For laccase line 01100, a single plant derived from event 01, we improved the expression of extractable laccase by nearly 20-fold from generation T2 to T6 (4 ng laccase/mg tissue dry weight to 70 ng laccase/mg tissue dry weight, Figure 8). The progression was that in each generation, the highest expressing ears showing agronomic promise were selected and the seed replanted from those ears in subsequent nurseries. After pollination, maturation and harvest, 50 seed from each progeny ear were combined, ground and analysed for expression levels of extractable laccase. Only those showing improvement in the amount of extractable laccase were selected for replanting. At each generation, approximately the top 10% of lines were replanted for the breeding programme. In the case of laccase, some of the best expressing lines produced seed that would not germinate in the field. Thus, the selection of the highest expressing healthy lines took two to three extra generations, during which time they were being bred into high oil germplasm for the recovery of healthy plants. These data show the power of genetics in improving the agronomic quality and expression of the target protein for commercial purposes.

Figure 8.

Improvement of laccase expression in the LCG0110 line over five generations. The lines from each generation with the highest levels of extractable laccase were selected for replanting in the subsequent generation. The top 10% of lines were propagated and the progeny analysed.


Industrial proteins produced in plants offer a unique opportunity for the industrial scale production of enzymes and functional proteins at competitive prices and yields that will address markets that cannot be addressed today. As a demonstration of the power of this technology, we have expressed the oxidative enzyme laccase at high expression levels and thus opened the possibility of addressing such large markets as pulp bleaching, textile bleaching and enzymatic remediation of waste streams.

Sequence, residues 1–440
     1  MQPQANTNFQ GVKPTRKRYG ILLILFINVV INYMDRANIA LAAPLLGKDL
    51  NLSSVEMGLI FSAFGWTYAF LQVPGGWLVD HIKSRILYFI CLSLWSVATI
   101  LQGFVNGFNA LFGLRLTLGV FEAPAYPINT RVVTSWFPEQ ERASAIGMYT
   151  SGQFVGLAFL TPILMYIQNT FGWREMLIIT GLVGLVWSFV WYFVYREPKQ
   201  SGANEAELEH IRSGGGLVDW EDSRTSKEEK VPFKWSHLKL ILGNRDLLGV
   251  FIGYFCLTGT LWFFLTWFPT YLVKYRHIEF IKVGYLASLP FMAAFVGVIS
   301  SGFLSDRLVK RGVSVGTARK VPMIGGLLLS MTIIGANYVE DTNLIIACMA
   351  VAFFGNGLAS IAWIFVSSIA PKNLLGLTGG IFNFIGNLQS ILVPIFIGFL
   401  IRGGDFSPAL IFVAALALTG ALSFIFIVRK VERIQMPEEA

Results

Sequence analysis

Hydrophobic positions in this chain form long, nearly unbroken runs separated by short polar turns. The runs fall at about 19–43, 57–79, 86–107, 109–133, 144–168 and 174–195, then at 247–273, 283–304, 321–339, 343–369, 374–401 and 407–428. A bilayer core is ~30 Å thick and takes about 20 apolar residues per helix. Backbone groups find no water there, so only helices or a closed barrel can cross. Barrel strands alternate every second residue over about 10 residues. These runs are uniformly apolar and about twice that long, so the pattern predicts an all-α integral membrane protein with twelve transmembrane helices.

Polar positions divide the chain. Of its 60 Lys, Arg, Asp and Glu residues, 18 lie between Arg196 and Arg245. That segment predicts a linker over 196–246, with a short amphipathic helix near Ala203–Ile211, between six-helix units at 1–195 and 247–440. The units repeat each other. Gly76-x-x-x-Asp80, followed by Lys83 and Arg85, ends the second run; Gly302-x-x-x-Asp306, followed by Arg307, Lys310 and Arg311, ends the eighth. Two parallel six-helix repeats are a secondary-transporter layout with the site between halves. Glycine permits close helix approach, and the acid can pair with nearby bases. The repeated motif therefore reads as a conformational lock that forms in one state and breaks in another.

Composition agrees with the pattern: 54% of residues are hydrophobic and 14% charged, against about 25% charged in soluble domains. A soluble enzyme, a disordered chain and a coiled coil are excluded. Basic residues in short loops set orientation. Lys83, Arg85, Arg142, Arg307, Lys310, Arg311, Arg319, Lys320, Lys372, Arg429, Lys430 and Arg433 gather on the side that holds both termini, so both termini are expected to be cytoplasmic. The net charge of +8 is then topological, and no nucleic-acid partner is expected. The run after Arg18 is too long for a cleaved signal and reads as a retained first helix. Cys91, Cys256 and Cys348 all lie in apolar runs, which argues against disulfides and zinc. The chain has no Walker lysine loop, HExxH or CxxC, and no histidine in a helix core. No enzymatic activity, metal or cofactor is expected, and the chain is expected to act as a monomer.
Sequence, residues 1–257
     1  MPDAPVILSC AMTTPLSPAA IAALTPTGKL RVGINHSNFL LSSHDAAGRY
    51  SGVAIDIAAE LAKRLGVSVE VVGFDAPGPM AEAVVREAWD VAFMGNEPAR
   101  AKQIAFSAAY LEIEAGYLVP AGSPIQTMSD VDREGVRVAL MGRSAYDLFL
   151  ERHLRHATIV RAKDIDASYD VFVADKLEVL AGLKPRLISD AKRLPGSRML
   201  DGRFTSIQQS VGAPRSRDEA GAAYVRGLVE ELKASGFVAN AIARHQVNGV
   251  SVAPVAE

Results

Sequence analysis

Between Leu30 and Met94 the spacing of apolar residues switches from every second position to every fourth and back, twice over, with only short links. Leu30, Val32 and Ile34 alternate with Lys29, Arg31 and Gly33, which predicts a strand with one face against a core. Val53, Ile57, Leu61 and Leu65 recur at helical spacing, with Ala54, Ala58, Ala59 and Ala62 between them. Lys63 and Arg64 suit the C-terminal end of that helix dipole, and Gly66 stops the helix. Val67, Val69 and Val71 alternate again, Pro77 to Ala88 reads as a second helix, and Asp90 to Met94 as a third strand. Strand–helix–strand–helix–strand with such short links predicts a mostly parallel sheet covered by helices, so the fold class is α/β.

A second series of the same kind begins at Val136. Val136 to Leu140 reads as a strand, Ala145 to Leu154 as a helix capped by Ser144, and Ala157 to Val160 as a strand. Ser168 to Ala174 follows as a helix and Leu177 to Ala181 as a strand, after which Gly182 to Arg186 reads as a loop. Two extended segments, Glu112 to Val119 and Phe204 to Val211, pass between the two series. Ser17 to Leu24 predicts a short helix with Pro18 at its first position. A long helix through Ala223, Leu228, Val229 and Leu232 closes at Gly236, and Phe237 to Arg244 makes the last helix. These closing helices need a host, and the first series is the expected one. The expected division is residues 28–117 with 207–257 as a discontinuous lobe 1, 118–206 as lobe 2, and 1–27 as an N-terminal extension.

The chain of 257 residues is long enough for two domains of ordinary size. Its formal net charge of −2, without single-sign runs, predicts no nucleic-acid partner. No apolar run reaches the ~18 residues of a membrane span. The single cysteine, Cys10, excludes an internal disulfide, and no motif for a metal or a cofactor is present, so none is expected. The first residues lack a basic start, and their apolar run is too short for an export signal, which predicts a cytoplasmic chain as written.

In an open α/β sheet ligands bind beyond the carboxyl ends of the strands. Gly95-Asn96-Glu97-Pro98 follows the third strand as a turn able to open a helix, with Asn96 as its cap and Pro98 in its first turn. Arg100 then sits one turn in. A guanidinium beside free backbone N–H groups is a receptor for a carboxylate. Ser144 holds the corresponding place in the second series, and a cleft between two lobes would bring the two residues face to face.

To produce industrial enzymes at a cost-competitive price, we estimate that the expression levels in whole grain must be near 0.1% of dry weight. This translates to ≈ 0.5% dry weight in a germ fraction, an amount potentially viable for industrial applications of laccase (Bailey et al., submitted). In addition, laccase generally requires a mediator for its activity, and components present naturally in corn seed may provide such a mediating activity. Although the extractable levels for T6 generation seed are ≈ 70 ng/mg in the highest ear bulks, the activity in defatted germ flour is much higher, i.e. ≈ 0.5% dry weight (Bailey et al., submitted), estimated from an activity assay.

The recovery of high laccase protein accumulation depends on the promoter and targeting site. We tested three quite distinct promoters and three subcellular locations to determine which sites would make the best locations for a high-level accumulation of this protein. As shown in Table 1, the embryo-preferred expression in which the protein is targeted to the cell wall provides the best location for this protein, in that these parameters allow the recovery of the highest amounts of extractable laccase. PGN8908 yielded lines that express fourfold higher extractable laccase than the constitutive promoter with the cell wall target, a significant difference for the recovery of commercial laccase preparations.